The artists, brought together in this exhibition, offer us instruments through which events and the notions of space and time that compose it are analysed together. The installation of Maria Domenica Rapicavoli (Italy, 1976) and the photographs of Matan Ashkenazy (Israel, 1986) shed light on the traces of a specific historical time, offering a reflection between what is visible and what is not.
A war event that happened in 1943 has changed the architectural structure of a historical building in Palermo, where Maria D. Rapicavoli was invited to exhibit at Manifesta 2018. The bomb that never exploded did not severely damage the building, but it tilted it to one side. The installation is represented in the gallery after the success of Palermo, recreating a slight disorientation that, besides questioning the state of knowledge, highlights the impact that political, economic and social structures have, inexorable, in our daily lives. The sculptural elements, in white porcelain, organised according to a military map, illustrate the tactical areas of Sicilian airspace.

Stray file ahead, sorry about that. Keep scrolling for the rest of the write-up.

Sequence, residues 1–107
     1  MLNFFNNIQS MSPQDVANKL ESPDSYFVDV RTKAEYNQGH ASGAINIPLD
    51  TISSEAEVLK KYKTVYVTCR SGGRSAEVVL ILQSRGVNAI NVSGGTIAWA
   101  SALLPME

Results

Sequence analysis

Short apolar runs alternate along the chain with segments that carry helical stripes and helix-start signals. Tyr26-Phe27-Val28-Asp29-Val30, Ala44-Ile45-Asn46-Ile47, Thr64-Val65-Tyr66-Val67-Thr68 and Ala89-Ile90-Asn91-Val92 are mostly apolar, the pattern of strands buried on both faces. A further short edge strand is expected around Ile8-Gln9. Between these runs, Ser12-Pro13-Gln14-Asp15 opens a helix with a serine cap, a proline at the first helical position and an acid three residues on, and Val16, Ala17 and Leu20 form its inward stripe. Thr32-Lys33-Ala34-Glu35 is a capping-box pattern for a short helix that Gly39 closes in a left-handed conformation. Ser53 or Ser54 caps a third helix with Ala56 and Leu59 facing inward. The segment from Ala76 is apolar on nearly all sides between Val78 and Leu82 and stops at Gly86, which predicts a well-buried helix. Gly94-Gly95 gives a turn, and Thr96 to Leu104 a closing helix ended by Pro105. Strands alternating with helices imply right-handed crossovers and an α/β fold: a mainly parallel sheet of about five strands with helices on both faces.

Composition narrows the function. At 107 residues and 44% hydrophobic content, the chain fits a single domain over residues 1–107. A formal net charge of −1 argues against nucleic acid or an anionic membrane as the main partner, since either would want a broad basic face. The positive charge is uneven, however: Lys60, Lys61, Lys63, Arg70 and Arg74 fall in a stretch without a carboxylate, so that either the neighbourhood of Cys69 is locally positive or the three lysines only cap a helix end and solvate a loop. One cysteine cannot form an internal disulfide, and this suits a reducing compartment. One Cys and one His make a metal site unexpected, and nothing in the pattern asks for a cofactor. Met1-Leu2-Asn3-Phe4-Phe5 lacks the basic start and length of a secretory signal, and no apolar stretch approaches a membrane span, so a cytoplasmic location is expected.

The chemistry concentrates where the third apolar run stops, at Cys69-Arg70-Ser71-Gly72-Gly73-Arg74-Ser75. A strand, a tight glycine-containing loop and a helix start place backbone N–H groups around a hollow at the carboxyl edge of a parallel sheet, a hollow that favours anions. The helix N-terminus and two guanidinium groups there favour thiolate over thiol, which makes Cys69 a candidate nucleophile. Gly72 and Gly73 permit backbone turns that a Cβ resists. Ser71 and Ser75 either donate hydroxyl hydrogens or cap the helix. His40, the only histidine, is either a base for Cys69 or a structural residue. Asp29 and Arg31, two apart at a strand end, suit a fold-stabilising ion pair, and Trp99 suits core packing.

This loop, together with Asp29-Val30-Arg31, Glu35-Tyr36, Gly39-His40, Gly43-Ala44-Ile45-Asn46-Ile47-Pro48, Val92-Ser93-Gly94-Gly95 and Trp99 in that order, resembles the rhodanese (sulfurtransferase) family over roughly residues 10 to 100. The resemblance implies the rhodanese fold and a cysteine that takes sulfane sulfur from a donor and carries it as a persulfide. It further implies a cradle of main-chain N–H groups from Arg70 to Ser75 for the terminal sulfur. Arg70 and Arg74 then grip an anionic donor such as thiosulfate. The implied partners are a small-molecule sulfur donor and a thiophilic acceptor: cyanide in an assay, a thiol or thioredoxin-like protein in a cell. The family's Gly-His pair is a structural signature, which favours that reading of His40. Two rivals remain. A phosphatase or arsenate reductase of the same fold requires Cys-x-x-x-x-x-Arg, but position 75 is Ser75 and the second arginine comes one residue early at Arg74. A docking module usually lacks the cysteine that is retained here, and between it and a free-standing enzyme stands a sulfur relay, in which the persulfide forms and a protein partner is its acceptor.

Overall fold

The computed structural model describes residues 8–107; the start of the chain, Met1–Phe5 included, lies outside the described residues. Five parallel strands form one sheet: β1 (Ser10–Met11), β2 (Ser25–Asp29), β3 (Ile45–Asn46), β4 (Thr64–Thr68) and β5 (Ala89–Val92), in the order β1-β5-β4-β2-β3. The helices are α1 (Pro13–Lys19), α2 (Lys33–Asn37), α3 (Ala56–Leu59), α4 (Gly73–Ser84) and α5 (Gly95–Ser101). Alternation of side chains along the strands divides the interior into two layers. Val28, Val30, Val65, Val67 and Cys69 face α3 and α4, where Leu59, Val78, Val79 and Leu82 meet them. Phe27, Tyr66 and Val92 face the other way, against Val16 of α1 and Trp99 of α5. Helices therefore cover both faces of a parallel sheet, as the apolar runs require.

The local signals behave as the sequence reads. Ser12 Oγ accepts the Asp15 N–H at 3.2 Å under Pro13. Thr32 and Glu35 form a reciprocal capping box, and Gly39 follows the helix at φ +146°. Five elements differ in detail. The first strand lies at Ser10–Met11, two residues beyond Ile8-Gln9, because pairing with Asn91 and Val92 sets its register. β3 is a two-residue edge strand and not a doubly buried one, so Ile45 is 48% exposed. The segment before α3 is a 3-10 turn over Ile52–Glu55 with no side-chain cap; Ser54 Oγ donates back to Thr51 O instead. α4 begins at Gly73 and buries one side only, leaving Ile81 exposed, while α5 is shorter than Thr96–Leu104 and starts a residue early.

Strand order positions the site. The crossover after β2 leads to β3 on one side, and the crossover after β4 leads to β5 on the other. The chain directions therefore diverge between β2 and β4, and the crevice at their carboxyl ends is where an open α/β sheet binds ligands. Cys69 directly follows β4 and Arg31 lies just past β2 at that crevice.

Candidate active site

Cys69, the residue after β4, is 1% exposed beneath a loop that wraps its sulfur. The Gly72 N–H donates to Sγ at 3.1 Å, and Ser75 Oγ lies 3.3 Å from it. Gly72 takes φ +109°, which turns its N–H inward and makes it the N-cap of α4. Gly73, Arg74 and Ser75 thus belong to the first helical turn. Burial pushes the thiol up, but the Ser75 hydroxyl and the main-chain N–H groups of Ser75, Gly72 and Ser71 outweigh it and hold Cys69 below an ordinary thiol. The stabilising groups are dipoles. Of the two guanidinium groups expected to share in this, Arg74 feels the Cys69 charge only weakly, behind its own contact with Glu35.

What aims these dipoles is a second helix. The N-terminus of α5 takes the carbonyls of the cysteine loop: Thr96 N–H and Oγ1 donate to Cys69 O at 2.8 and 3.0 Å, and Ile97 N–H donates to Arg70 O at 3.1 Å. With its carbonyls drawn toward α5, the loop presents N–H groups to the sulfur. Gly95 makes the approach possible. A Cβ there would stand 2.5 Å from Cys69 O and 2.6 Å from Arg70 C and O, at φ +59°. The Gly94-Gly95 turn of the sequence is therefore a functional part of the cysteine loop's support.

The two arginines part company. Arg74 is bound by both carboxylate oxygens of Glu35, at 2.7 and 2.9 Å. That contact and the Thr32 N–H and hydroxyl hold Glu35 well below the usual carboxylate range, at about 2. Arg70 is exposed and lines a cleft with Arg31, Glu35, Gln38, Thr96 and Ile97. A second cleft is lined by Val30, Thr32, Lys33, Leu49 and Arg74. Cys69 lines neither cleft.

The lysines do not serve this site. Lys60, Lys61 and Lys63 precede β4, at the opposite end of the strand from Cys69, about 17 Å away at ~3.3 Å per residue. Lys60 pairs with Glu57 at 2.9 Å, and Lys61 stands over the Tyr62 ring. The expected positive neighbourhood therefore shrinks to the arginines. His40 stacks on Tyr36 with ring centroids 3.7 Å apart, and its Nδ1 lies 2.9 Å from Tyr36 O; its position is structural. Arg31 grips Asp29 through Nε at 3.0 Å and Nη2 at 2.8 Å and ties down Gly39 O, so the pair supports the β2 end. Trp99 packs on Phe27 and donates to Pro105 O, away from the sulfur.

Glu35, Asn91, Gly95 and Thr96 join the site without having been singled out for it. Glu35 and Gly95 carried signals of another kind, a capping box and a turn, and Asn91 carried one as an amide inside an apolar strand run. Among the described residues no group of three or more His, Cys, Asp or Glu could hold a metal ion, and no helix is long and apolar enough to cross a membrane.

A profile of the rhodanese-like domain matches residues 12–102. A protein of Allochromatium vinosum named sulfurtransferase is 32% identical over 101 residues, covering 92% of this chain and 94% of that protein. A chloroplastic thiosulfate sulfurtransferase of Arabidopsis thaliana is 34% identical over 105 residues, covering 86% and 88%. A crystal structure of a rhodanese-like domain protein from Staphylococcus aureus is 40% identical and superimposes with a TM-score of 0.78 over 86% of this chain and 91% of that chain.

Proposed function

In the works of Israeli photographer’s Matan Ashkenazy’s, there is an examination of the relationship between time and what is not perceivable. The investigastion in this case is made following the traces of dust and sand debris, in their inexorable, continuous movement across borders in the the Middle East. In the piece “A Cloud of Dust”, for instance, time and movement are crystallised and the flowing of dust is imprisoned in a photograph taken on the border between Israel and the Palestinian West Bank. A border at times invisible, untraceable, through which sand debris passes continuously, freely. Between past, present and future.